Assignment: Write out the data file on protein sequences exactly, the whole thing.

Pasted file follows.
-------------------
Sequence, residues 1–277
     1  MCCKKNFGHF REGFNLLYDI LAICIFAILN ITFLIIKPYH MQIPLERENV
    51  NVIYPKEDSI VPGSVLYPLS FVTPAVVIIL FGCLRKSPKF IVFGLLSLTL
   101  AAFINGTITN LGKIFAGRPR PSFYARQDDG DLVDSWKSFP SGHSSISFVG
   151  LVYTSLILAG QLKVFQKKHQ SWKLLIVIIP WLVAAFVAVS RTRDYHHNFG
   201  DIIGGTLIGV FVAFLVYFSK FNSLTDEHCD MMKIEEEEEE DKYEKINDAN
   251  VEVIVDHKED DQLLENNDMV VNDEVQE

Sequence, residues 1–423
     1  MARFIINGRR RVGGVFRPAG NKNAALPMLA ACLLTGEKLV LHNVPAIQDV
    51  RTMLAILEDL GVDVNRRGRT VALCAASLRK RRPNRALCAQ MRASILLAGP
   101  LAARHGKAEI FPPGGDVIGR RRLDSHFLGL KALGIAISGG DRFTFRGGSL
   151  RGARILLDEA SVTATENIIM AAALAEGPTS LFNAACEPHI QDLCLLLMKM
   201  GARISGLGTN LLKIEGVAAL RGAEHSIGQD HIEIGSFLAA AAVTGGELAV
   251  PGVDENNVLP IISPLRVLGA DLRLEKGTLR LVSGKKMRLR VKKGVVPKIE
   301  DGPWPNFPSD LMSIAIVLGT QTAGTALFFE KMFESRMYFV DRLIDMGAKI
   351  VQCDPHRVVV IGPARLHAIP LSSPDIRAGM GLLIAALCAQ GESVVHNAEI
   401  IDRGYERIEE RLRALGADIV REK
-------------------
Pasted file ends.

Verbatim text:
Sequence, residues 1–277
     1  MCCKKNFGHF REGFNLLYDI LAICIFAILN ITFLIIKPYH MQIPLERENV
    51  NVIYPKEDSI VPGSVLYPLS FVTPAVVIIL FGCLRKSPKF IVFGLLSLTL
   101  AAFINGTITN LGKIFAGRPR PSFYARQDDG DLVDSWKSFP SGHSSISFVG
   151  LVYTSLILAG QLKVFQKKHQ SWKLLIVIIP WLVAAFVAVS RTRDYHHNFG
   201  DIIGGTLIGV FVAFLVYFSK FNSLTDEHCD MMKIEEEEEE DKYEKINDAN
   251  VEVIVDHKED DQLLENNDMV VNDEVQE

Sequence, residues 1–423
     1  MARFIINGRR RVGGVFRPAG NKNAALPMLA ACLLTGEKLV LHNVPAIQDV
    51  RTMLAILEDL GVDVNRRGRT VALCAASLRK RRPNRALCAQ MRASILLAGP
   101  LAARHGKAEI FPPGGDVIGR RRLDSHFLGL KALGIAISGG DRFTFRGGSL
   151  RGARILLDEA SVTATENIIM AAALAEGPTS LFNAACEPHI QDLCLLLMKM
   201  GARISGLGTN LLKIEGVAAL RGAEHSIGQD HIEIGSFLAA AAVTGGELAV
   251  PGVDENNVLP IISPLRVLGA DLRLEKGTLR LVSGKKMRLR VKKGVVPKIE
   301  DGPWPNFPSD LMSIAIVLGT QTAGTALFFE KMFESRMYFV DRLIDMGAKI
   351  VQCDPHRVVV IGPARLHAIP LSSPDIRAGM GLLIAALCAQ GESVVHNAEI
   401  IDRGYERIEE RLRALGADIV REK